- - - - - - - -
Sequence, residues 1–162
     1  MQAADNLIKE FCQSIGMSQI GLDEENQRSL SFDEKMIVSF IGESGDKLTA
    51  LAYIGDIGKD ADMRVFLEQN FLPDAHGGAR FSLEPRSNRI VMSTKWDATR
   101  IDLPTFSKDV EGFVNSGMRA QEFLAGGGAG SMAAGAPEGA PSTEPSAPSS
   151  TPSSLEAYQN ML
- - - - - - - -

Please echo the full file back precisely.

Sequence, residues 1–162
     1  MQAADNLIKE FCQSIGMSQI GLDEENQRSL SFDEKMIVSF IGESGDKLTA
    51  LAYIGDIGKD ADMRVFLEQN FLPDAHGGAR FSLEPRSNRI VMSTKWDATR
   101  IDLPTFSKDV EGFVNSGMRA QEFLAGGGAG SMAAGAPEGA PSTEPSAPSS
   151  TPSSLEAYQN ML